A forty-one. After circling the entire map once and collecting my $200 paycheck, I agreed to buy Mediterranean Avenue for $60. To be perfectly clear, I would never live in a neighborhood like Mediterranean Avenue. In my eyes, it was nothing more than a tremendous investment opportunity to earn some extra cash.



The next set of turns would prove to be mostly uneventful: Kai rolled a one placing her on the Chance spot. The card explained that she had crashed her car, forcing her to miss her next three turns. We were only two turns in, and I was already shocked by how realistic this new version was proving to be.


Jamal’s second roll showed up a two; It didn't take long for him to shamelessly dip his hand into the community chest. I didn’t say anything, but it felt pretty on-brand that Jamal would take the first free handout. “Congrats,” the card stated, “your government-issued check came in. Collect $50.” His net worth increased to $350. I'm sure he was real proud of all the hard work he put in for that money...



My next roll turned up an eighty-two, landing me on Baltic Avenue whilst collecting 400 more dollars. Again, I agreed to purchase the property for a total of $60. After two long turns, my hard work was finally coming to fruition.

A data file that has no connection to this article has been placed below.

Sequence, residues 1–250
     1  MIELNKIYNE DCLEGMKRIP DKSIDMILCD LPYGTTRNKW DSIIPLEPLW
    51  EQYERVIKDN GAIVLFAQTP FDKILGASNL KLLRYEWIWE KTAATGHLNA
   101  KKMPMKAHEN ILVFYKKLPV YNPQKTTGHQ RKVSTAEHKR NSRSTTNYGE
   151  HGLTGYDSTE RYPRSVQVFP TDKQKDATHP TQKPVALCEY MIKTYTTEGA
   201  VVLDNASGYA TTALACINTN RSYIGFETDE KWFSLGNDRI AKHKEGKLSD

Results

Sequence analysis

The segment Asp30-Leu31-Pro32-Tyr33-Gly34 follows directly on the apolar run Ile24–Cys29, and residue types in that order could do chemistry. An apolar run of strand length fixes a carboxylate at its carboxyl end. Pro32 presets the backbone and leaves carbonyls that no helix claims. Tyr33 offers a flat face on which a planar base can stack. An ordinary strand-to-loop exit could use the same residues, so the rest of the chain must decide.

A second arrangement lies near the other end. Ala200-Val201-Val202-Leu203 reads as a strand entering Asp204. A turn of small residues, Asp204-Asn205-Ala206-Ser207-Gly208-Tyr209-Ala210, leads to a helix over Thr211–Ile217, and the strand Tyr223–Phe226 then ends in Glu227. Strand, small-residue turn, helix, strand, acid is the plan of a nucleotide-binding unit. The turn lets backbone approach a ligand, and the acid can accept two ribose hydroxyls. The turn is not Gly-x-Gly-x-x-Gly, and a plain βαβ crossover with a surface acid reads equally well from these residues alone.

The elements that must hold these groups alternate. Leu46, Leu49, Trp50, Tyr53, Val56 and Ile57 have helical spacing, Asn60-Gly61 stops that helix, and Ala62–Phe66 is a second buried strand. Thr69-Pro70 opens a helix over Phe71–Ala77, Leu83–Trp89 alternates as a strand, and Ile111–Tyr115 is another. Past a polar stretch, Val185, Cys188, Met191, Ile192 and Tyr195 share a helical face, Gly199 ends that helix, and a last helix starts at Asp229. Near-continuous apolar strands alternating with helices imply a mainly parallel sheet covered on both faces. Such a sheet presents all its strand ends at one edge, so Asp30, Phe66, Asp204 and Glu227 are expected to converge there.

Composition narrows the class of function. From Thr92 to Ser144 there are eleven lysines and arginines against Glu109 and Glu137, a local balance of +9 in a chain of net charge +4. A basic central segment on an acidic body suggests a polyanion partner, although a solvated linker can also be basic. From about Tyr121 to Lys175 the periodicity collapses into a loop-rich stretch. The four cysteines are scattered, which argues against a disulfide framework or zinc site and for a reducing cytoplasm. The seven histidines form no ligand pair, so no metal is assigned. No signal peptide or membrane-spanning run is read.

With Kai’s vehicle still in repair for the next three rolls, the dice went back to Jamal. A four placed him on the Luxury Tax spot. He coughed up nearly 1/3 of his net worth for what I can only assume was some flashy, oversized chain. He was now down to $250.


The die returned to me. Before rolling, I invested and built four beautiful homes. With both Baltic and Mediterranean properties now in my possession, I was able to start my large scale renovation project, revitalizing the long-time distressed area.



Construction underway, I rolled a forty-four, leading me to the "Chance" spot. To my disappointment, I would be forced to pay $50.



Kai's second turn was, again, skipped, leaving Jamal to roll. A measly one landed him on Park Place. With only $250 and no credit, Jamal didn't have the purchasing power to acquire the magnificent estate. He offered to pay me heavy interest during a future turn if I would loan him the money. Although tempting, I knew Park Place and Boardwalk were key properties in the game of Monopoly. My strategy to redline those areas before starting the game left me with no choice but to deny my dear friend a loan.



Perhaps this could be used as a learning experience for Jamal and teach him some fiscal responsibility. Besides, with his travel options being limited between the two railroads, he would be passing GO any turn now, allowing him to collect yet another free $200 handout.